marks around all words copied from a source.
Choose to quote an
author's exact words when the phrasing is unique or strengthens your
Provide a citation
for the source of the exact words you used immediately after the
Paraphrasing an Author's Words:
author's words by stating his or her ideas in your own words with your
paraphrased writing with the author's exact words to make sure you have
not copied phrases or sentences from the author.
Always provide a citation
for the paraphrased ideas.
Cite the source
when borrowing a figure, graph, map, data, or table from another
Stating Common Knowledge:
that is commonly known by the public or the intended readers of
a paper do not need citations for sources.
calories and nutrients.
Unsure if an idea is common knowledge for the intended readers of your paper? When in doubt, cite a source.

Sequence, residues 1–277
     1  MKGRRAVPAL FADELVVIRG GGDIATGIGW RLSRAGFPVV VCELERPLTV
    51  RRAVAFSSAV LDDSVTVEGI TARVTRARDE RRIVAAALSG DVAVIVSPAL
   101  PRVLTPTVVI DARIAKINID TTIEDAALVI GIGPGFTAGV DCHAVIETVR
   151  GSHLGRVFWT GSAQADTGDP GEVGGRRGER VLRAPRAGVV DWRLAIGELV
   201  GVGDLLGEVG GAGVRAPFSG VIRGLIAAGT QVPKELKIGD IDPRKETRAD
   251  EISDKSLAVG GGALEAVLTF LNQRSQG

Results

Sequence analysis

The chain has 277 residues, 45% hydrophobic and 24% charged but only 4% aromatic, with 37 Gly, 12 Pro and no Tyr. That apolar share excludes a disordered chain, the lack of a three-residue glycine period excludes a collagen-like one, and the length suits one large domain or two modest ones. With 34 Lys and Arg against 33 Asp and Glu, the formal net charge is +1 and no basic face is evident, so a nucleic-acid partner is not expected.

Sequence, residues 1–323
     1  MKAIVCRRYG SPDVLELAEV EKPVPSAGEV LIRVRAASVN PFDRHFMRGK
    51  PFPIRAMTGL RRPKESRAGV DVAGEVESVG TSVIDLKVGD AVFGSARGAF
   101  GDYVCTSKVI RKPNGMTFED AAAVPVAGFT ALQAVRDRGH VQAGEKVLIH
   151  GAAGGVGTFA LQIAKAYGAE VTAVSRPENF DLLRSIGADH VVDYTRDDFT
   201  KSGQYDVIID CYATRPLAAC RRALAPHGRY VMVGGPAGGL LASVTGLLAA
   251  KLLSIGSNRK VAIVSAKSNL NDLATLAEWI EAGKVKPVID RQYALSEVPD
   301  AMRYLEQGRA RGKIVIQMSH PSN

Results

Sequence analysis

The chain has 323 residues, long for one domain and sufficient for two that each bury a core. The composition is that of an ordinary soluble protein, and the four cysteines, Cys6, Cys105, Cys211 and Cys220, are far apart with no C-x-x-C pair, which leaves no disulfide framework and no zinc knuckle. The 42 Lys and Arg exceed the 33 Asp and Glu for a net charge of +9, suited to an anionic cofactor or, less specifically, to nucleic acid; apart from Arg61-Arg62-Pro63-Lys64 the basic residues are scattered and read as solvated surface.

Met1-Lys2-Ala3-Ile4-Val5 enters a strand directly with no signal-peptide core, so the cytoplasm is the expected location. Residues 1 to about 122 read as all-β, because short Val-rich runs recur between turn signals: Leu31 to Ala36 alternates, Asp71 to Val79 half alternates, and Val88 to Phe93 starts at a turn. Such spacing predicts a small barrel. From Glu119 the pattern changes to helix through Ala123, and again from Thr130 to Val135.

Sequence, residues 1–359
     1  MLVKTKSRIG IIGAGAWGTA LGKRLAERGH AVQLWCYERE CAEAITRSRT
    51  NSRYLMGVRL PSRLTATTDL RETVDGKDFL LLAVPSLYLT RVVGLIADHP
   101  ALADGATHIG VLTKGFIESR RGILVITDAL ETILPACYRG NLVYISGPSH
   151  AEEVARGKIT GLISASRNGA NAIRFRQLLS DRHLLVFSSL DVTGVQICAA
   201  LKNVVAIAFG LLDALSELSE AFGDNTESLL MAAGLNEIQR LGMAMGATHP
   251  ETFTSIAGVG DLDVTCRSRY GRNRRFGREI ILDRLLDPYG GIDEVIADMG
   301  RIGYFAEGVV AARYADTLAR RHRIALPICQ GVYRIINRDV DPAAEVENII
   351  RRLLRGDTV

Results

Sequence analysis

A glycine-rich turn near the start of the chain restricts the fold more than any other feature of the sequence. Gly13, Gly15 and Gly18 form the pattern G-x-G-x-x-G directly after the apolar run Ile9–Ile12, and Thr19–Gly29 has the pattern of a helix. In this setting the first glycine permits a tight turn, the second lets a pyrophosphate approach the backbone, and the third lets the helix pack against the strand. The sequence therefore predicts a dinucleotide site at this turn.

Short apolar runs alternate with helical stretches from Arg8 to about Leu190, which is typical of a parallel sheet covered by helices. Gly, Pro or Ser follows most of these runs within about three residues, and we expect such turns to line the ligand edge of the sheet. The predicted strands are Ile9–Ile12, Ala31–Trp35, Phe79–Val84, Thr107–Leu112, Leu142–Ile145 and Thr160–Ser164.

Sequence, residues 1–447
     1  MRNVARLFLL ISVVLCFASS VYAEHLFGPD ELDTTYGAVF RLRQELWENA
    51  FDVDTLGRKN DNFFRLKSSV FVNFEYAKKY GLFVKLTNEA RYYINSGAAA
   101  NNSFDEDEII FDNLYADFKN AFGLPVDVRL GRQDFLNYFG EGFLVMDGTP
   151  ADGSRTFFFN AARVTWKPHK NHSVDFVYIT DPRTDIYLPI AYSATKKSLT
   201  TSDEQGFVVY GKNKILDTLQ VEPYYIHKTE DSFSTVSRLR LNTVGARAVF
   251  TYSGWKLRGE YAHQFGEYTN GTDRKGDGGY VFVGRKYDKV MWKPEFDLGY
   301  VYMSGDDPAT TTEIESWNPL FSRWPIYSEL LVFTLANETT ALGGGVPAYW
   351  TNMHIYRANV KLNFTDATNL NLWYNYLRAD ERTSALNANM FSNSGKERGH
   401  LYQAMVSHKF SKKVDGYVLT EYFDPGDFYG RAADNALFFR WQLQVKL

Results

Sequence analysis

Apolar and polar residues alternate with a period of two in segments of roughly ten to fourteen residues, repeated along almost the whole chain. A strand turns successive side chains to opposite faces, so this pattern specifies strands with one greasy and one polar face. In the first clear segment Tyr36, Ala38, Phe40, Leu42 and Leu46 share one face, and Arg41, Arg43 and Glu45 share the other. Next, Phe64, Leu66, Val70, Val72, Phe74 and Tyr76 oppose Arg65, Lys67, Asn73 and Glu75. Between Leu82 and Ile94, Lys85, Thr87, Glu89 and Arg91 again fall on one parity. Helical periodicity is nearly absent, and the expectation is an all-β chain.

Reusing Collaborative Papers:
If two students
wrote a paper as a collaborative group or team project, one of the
authors cannot submit the entire paper for another assignment as if it is his
or her own paper.
borrowed from a paper you wrote collaboratively should include citations
for the information borrowed from the original paper.
Keep direct quotes in a separate document from your working document.
Keep track of all sources consulted.
When in doubt, check your paper/project
against the wording within the sources.
Documenting the Spoken Word:
from personal communications, speeches, broadcasts, conversations,
interviews and other spoken words must be documented with a citation
and/or parenthetical citation (Writing Tutorial Services).
provide information about citing sources for the spoken word. Consult
on Reserve to locate style manuals in Owens Library. Citation
examples for personal communications and interviews are
listed on the library's Citing
Giving credit for work that is not your
own respects and honors the intellectual property of others and is expected by your professors.